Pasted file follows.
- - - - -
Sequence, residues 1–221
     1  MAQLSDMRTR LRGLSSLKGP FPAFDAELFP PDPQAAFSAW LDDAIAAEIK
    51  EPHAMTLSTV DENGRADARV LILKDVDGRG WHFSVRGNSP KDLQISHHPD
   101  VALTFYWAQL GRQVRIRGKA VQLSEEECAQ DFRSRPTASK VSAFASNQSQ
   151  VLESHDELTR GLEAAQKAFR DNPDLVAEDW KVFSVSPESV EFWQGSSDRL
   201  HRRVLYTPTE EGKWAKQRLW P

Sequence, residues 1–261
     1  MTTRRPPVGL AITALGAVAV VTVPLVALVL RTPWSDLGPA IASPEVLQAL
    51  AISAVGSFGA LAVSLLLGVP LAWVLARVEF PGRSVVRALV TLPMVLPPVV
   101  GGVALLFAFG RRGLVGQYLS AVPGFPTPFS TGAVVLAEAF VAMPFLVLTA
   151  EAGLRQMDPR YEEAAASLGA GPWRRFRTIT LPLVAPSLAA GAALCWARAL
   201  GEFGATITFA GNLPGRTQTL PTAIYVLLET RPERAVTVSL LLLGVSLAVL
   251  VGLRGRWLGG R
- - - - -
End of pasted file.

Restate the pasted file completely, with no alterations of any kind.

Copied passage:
Sequence, residues 1–221
     1  MAQLSDMRTR LRGLSSLKGP FPAFDAELFP PDPQAAFSAW LDDAIAAEIK
    51  EPHAMTLSTV DENGRADARV LILKDVDGRG WHFSVRGNSP KDLQISHHPD
   101  VALTFYWAQL GRQVRIRGKA VQLSEEECAQ DFRSRPTASK VSAFASNQSQ
   151  VLESHDELTR GLEAAQKAFR DNPDLVAEDW KVFSVSPESV EFWQGSSDRL
   201  HRRVLYTPTE EGKWAKQRLW P

Sequence, residues 1–261
     1  MTTRRPPVGL AITALGAVAV VTVPLVALVL RTPWSDLGPA IASPEVLQAL
    51  AISAVGSFGA LAVSLLLGVP LAWVLARVEF PGRSVVRALV TLPMVLPPVV
   101  GGVALLFAFG RRGLVGQYLS AVPGFPTPFS TGAVVLAEAF VAMPFLVLTA
   151  EAGLRQMDPR YEEAAASLGA GPWRRFRTIT LPLVAPSLAA GAALCWARAL
   201  GEFGATITFA GNLPGRTQTL PTAIYVLLET RPERAVTVSL LLLGVSLAVL
   251  VGLRGRWLGG R